Female: Yes. Now, yes, within the past five months, yes, we do get along very well. I can see my daughter anytime I want. She’s writing letters to the court supporting me. The father does weird things at the visit when he’s visiting with my mom. My mom is reporting it how he wants to keep changing the baby’s diaper even when the baby is not wet, even when she hasn’t soiled herself, he wants to keep changing the diapers and my mom is telling the court, “Hey wait a minute, there’s a concern here. There’s a concern with this guy wanting to keep changing. And at this point, I’m refusing, as her care provider, I’m refusing to allow him to change her diapers and if you guys don’t like it, oh well. You guys going to have to remove this child out of my care and custody because I’m protecting this child from this man keep on changing her diapers.”
Vincent Davis: Did you participate in all the court order, the family reunification programs?
Female: I’ve completed on top of adding my own. I’ve completed two domestic violence programs and that I’ve completed two counselings, I’ve completed two parenting classes. I’m working on and I presented certificates to the court and I’m — the counselors are all saying she’s benefitting, she’s done a turnaround. I had issues of making impulse decisions, manipulating and controlling. Due to my impact from domestic violence —- every other week was beating on me, putting guns to my head, telling me, Bee, you’re never going to leave me. And they say…
Vincent Davis: Ma’am, would you do me a favor?
Female: Yes, sir.
Vincent Davis: I would like you to call my office today. There’ll be someone there after 9:00 AM and you can reach them at…
Female: Oh, I’ve already talk to Carrie.
Vincent Davis: Okay.
Female: I’ve already got your retainer information. Like I said, I have every intent on hiring you as my attorney.
Vincent Davis: Very good. There’s a lot of things that we can do to try to get the child back to you and one of the things is that we will immediately file what’s called a 388 petition to either have the child return or to liberalize your visitation from monitored to unmonitored and to try to get you overnights with the child isn’t returned to you. So let’s get that rolling and call Carrie on Monday and we’ll start on your case immediately. I want to thank you for calling us this morning.
Female: I do have a question. Do you guys have any programs or any services with regards to assisting parents with the retainers?
Vincent Davis: We don’t.
Vincent Davis: Mainly because the State of California, the general rule is that a lawyer can’t assist the client in financing its case, the client’s case.
Female: Okay. Well, I know some attorneys do pro-bono or payment arrangements or something like that and…
Vincent Davis: We have — our office does pro-bono but we have a limit of 10 pro-bono cases at any one time and right now, I think we have 12 pro-bono cases. So we’re over our limit on that. And in your case, in your particular case, since we’re in Southern California and you’re in Sacramento, there’s no way that we could do it pro-bono. The travel cost alone is going to be significant.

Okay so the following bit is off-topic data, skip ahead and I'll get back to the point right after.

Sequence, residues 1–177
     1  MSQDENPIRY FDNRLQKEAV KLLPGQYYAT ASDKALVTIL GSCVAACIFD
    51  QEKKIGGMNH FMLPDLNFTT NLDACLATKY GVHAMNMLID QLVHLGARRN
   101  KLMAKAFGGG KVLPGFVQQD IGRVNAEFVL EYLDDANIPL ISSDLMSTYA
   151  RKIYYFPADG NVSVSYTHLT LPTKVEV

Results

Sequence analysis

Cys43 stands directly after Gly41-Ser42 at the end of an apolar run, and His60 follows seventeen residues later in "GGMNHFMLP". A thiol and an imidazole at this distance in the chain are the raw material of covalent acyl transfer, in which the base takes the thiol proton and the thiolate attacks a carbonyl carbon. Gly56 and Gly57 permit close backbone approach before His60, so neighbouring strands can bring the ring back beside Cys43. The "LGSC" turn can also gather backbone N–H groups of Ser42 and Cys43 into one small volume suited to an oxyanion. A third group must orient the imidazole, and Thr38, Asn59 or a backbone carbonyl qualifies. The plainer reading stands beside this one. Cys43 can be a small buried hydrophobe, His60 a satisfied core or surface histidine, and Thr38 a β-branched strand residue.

Female: No, no, no. The case is in Ventura County, you are in Ventura County.
Vincent Davis: Oh, I thought you said it was in — no, well, we have an office…
Female: I’ve been traveling. I’ve been traveling to Ventura Country. We’ve been attempting to transfer — the social worker requested that the case be transferred to Sacramento because the child is here, her support system is here, the mother is here. The only person that’s in Ventura County is the father and the judge said pretty much no. And the child’s attorney is actually for the father and the father has a private attorney, some Johnny Cochran, excuse my French, but who is doing a dang good job advocating for his client.
Vincent Davis: Do you know who the father’s attorney is?
Female: Michael Randolph.
Vincent Davis: Michael Randolph.
Female: Michael Randolph — yes.
Vincent Davis: I know Michael Randolph.
Female: Well, let me just tell you, he is…
Vincent Davis: Michael Randolph’s office is in Lancaster, California and I’ve known Michael probably 25 years.
Female: I got to tell you this, he is doing a great job advocating for his client. He is doing a…
Vincent Davis: You know, I will tell him that you said that.
Female: Don’t say that because I don’t [0:31:13 inaudible]. After the case is over you can say that.
Vincent Davis: Okay. But if we get on the case and represent you, it’s going to be a battle royale.
Female: Well, he is doing a great job advocating for his client and my social worker — my court-appointed attorney is not advocating for me at all. So can you a little bit of legal — what — other than the fact of retaining — okay, I do have a question for you. I just gave you a whole bunch — I just verbally vomited on you but I didn’t ask no question. So my question is this, how much — I am in the process — I’m a commercial truck driver now, I get paid about $3,000 a month. I am pretty much eating peanut butter and jelly sandwich, not getting my nails done. I’ve cut — basically, my daughter is valuable to me, the most valuable thing in my world so I’m not — I’m making every complete sacrifice to come up with $7500.